How does Caryl Churchill present women in Acts 2 and 3 of Top Girls?

Essay by EleanorLoveHigh School, 12th grade November 2014

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How does Caryl Churchill present women in Acts 2 and 3 of Top Girls. What types of characters are seen here? What is their purpose and how do they reflect the play's social implications?

Caryl Churchill portrays a variety of contrasting characters in Acts 2 and 3 of Top Girls and by using the roles they play within society, she makes references to the influence of Thatcherite sensibilities and differing socialist and capitalist ideals in 1980's Britain. Churchill wrote the play as a response to the election of Margret Thatcher as she worried that Thatcher's right wing politics benefited a minority of wealthy Britons while leaving the less fortunate behind, so the play voices her concerns regarding social emphasis on capitalist success over sisterly solidarity. Top Girls asks 'Is it more important to break out of a cycle of poverty and 'make something of yourself', or to fulfil your responsibilities to your family and community?, this subconscious questioning in the play left the initial 80's audience to question whether or not the shift from a socialist mind-set to a capitalist emphasis was an threatening change which could drastically affect women fight for equality in Britain.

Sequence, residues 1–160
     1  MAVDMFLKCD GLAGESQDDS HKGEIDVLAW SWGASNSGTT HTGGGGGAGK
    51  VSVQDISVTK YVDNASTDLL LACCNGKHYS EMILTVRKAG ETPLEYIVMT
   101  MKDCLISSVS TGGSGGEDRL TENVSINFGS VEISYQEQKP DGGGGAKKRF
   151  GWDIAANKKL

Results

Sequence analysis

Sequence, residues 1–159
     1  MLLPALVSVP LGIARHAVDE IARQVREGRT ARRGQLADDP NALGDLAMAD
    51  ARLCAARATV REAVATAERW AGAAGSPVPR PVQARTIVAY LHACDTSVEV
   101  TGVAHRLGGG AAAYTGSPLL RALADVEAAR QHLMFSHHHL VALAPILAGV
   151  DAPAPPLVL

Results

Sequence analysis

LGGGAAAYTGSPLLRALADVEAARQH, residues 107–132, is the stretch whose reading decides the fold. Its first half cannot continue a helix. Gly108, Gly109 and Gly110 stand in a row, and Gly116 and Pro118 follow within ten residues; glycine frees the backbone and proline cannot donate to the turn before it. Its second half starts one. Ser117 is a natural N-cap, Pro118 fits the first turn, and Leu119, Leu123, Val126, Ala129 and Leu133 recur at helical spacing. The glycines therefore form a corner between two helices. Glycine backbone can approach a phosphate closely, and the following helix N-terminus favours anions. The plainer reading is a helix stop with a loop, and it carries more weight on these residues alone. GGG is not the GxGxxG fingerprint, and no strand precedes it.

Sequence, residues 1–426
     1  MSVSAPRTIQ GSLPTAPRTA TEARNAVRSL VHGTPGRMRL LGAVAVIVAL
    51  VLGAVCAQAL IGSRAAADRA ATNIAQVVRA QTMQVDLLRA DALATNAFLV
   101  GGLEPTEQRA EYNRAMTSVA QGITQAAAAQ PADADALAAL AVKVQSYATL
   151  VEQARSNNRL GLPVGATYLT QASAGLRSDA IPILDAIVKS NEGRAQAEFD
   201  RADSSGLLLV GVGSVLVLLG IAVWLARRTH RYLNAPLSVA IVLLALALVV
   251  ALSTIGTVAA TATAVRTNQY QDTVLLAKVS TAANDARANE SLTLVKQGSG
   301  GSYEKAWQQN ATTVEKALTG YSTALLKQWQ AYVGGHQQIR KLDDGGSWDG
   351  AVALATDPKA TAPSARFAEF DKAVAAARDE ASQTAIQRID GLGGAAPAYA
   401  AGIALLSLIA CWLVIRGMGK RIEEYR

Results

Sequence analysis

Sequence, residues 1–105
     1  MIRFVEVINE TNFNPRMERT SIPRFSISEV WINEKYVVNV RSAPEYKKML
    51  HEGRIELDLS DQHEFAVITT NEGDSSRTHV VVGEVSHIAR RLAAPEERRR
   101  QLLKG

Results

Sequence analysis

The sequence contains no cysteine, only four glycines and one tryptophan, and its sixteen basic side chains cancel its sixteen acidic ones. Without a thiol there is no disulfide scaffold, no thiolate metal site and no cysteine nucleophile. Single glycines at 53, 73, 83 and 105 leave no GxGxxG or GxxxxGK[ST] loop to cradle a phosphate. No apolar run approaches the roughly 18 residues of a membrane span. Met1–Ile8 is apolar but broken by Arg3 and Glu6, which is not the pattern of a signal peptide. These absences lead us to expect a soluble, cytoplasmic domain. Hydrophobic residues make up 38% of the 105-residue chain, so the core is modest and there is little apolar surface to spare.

The first scene in Act 2 depicts Kit and Angie as two very different girls from the younger generation of Britain, Kit being 12 and Angie 16 years of age, there is a significant age gap, although it is dissimilar to the difference in maturity levels between the girls. It's clear that Kit is more mature beyond her age and more so than Angie, as she is concerned about the potential outbreak of war and how she would survive it. Kit is also ambitions and is striving towards becoming a nuclear physicist whereas Angie, in Joyce's eyes, will either have to rely on a man...